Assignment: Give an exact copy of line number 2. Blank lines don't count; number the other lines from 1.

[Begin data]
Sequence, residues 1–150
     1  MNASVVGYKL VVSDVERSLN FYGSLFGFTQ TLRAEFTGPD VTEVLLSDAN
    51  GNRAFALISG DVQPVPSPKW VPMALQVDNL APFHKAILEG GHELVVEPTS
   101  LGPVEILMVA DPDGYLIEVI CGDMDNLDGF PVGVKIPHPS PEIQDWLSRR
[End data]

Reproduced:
     1  MNASVVGYKL VVSDVERSLN FYGSLFGFTQ TLRAEFTGPD VTEVLLSDAN